Friday was spent resting, walking several different times, using a breast pump to try to encourage contractions, monitoring my vitals, monitoring the baby’s heartbeat and drinking lots of water. I didn’t get much sleep Friday night, but Bethany kept a good eye on us. I’m sure it was a long night for everyone.

By Saturday morning I was discouraged and tired. Dax and I went walking right before noon and when we got back to the house I drank a Sprite with castor oil in it. I used the breast pump again and not long after that my contractions became regular.

Dax was right there with me trying to help me focus, breathe and rest between contractions. We were praying constantly. By 7:30 pm my contractions were very intense and about three minutes apart. My scar had started hurting, but when Bethany checked it, everything looked fine. At 10:20 pm I got into the birthing pool. I had maybe three contractions leaning over the side of the pool and then I started to feel the urge to push. I was so confused because I couldn’t believe it was already time!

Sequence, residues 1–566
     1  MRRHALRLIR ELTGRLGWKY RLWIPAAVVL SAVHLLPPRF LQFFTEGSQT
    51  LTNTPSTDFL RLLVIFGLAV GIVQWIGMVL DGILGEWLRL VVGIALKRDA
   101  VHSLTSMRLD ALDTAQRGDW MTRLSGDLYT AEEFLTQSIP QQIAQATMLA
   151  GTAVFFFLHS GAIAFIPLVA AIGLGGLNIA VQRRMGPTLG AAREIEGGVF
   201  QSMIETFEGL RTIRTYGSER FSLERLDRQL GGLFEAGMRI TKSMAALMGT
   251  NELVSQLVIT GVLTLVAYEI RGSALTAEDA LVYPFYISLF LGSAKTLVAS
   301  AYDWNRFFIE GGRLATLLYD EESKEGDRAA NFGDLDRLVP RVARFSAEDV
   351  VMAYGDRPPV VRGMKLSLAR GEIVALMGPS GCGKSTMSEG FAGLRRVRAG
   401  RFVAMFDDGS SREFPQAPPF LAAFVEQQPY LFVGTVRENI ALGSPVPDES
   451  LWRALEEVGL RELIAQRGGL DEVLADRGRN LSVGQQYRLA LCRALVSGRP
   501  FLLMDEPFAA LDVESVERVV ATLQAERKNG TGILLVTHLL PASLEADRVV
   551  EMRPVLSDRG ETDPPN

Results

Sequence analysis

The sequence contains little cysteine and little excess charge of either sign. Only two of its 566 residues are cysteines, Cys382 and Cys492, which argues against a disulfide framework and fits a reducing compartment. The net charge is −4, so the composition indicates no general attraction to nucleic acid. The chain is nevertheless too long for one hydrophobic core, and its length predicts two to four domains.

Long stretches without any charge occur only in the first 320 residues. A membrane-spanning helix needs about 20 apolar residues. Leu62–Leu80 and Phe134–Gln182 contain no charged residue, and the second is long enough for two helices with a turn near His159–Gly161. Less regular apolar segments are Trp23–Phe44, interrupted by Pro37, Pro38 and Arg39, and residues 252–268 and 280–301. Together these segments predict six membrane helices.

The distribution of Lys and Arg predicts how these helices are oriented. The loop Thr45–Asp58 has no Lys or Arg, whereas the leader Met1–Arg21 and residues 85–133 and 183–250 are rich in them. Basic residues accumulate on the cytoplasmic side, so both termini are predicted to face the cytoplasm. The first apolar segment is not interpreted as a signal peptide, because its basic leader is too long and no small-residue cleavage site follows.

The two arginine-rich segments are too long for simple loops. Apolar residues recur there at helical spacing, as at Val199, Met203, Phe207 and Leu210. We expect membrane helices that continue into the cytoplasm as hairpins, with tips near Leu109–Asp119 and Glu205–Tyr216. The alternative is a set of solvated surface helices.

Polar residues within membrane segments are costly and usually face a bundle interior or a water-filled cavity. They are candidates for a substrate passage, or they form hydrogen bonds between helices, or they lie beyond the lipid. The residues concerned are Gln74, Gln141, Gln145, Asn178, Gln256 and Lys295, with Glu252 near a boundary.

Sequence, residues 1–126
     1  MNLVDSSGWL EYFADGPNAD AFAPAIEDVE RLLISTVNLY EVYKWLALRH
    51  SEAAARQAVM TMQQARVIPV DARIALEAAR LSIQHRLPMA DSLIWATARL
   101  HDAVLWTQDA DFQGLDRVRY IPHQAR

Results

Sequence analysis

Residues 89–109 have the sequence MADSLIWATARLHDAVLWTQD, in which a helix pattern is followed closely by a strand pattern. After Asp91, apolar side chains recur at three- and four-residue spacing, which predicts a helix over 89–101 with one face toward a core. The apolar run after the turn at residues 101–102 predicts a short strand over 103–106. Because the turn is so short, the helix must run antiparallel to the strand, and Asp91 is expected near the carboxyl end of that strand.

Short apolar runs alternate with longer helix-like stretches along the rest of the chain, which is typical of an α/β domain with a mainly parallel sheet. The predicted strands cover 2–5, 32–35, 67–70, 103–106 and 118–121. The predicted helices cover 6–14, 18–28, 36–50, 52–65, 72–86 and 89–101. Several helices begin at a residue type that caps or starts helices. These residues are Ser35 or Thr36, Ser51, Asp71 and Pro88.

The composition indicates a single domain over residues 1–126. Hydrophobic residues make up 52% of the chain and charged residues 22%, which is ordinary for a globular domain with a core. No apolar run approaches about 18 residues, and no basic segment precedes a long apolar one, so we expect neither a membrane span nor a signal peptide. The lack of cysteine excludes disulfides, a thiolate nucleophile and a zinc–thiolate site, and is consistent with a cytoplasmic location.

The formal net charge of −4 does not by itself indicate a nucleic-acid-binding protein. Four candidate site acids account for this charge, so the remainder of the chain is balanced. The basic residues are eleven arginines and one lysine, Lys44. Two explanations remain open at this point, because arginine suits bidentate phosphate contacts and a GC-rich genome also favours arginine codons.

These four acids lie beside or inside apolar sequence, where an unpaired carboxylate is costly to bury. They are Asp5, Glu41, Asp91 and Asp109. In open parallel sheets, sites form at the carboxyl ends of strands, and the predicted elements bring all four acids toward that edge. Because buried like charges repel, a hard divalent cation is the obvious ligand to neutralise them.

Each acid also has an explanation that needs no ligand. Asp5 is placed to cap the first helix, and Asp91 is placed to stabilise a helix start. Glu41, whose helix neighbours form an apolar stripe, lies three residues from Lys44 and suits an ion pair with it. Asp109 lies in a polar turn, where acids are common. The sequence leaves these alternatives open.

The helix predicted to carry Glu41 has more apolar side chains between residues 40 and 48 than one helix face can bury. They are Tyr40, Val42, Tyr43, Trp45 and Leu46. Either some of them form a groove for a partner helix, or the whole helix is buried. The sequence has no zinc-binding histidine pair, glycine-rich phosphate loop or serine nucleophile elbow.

At 11:16 pm, on January 14, less than one hour after getting in the birthing pool, our beautiful 9 lb 8 oz baby girl came into the world. As she did I exclaimed, “I did it!”

I encourage everyone to question the rise in cesarean births in the US. Do all you can to support midwifery and homebirths!

Julie Ewbank is a homeschooling mother of seven. Her youngest, Cora, was born at home after five previous cesareans. Julie, her husband and their children live in Forest Park, Oklahoma.